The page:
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Originally published April 22, 2007 at 12:00 AM | Page modified April 22, 2007 at 2:01 AM

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The People's Pharmacy

"Lite" salt might not be right for everyone

Q: I try to limit my family's salt intake, because high blood pressure runs in my husband's family. I found Morton Lite Salt at the store...

Syndicated columnists

Q: I try to limit my family's salt intake, because high blood pressure runs in my husband's family. I found Morton Lite Salt at the store. The package says it has "half the sodium of table salt ... , can be used in all your recipes just like regular salt with the same great results. It cooks the same, bakes the same ... " All of that sounds perfect.

But it also says, "For normal healthy people. Not to be used by persons on sodium or potassium restricted diets unless approved by a physician."

What if I'm making something for guests, and I don't know the medical status of everyone who might consume some?

A: You have found a reasonable way to cut back on sodium when cooking for your family without giving up the taste of salt entirely.

Guests who must restrict their intake of sodium more completely should be polite enough to tell you that before they arrive for dinner.

Q: Your column often covers high-cholesterol issues. Why don't you mention the value of adding a daily dose of organic apple-cider vinegar as a great way of reducing cholesterol?

It's tasty and a lot cheaper and safer than the medicines the pharmaceutical industry pushes on us.

A: Apple-cider vinegar is a traditional remedy that is often suggested for lowering cholesterol. A Japanese study has shown that acetic acid (vinegar) added to the diet can lower cholesterol and triglycerides in rats (British Journal of Nutrition, May 2006). We have not seen such a study in humans, however.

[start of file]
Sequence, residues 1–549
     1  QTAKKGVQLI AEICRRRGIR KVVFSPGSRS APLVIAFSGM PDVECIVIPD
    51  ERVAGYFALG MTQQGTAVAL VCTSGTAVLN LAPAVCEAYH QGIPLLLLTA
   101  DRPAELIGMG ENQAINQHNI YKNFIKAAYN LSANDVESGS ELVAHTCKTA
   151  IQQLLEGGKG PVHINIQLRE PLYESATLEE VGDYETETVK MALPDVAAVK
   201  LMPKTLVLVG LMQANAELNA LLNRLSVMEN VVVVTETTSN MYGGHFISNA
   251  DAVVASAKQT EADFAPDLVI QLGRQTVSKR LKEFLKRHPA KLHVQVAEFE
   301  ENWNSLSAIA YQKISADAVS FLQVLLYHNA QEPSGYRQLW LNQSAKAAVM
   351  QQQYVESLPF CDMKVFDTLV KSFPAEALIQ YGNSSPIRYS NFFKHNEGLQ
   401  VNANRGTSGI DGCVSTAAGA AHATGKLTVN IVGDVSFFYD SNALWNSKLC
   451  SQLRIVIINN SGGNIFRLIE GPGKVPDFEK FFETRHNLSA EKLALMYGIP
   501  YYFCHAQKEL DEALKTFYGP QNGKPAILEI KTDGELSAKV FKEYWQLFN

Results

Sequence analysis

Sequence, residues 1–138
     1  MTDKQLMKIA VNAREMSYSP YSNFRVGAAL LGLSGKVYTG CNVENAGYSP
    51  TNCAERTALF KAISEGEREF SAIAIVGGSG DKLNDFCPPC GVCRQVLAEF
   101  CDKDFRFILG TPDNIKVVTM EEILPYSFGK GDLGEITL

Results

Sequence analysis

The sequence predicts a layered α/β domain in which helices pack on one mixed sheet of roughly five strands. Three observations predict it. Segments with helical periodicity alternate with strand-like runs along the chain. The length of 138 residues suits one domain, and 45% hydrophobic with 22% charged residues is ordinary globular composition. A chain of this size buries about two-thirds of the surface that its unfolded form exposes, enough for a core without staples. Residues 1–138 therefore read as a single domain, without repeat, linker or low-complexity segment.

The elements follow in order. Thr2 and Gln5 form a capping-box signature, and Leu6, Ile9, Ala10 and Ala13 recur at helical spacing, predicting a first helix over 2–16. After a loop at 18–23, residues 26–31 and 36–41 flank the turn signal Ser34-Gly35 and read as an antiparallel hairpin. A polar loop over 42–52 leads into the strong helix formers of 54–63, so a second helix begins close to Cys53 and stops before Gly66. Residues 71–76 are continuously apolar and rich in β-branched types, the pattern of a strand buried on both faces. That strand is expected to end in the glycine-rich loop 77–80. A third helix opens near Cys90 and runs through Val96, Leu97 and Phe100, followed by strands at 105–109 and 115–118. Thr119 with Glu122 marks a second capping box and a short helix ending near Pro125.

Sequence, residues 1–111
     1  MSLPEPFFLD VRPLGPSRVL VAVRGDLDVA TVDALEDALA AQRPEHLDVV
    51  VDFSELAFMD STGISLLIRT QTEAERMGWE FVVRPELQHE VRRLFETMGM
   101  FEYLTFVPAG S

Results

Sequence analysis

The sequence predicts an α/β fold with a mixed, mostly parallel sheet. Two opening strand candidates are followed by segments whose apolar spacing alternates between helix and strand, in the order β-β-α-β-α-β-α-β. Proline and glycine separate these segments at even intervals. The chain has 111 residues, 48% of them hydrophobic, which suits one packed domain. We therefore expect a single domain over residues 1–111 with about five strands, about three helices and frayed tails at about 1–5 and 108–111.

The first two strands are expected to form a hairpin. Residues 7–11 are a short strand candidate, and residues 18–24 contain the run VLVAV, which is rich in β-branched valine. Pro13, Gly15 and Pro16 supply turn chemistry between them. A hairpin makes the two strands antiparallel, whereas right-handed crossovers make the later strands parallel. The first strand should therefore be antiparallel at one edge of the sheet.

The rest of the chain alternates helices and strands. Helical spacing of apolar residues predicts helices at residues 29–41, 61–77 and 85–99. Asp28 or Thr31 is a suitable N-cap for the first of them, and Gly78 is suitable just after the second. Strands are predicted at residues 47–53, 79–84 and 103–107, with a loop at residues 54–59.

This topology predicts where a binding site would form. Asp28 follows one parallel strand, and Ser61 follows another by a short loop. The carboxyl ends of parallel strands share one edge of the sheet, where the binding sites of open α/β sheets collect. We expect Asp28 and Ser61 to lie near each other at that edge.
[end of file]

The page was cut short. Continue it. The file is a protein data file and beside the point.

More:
Q: My husband was diagnosed with diverticulitis. He now avoids seeds and nuts, but a different doctor says food has very little impact. I now give him lots of fruit, yogurt and acidophilus milk, and he is taking FiberCon daily. Is there anything else that might help?

A: Your husband might want to try probiotics (good bacteria). Such products can be purchased under refrigeration in health-food stores. A recent study found that a combination of anti-inflammatory medicine and probiotic VSL3 worked better in recovery from diverticulitis than either treatment alone (International Journal of Colorectal Disease online, March 28, 2007).

Q : I just wanted you to know that I read your column recently about the power of green olives fighting hiccups. My 5-year-old got the hiccups the next day. Guess what? One green olive did the trick.

A: We're delighted to learn that this unusual remedy worked for your child.

In their column, Joe and Teresa Graedon answer letters from readers. Write to them c/o King Features Syndicate, 888 Seventh Ave., New York, NY 10019, or e-mail them at pharmacy@mindspring.com or via their Web site: www.peoplespharmacy.org.

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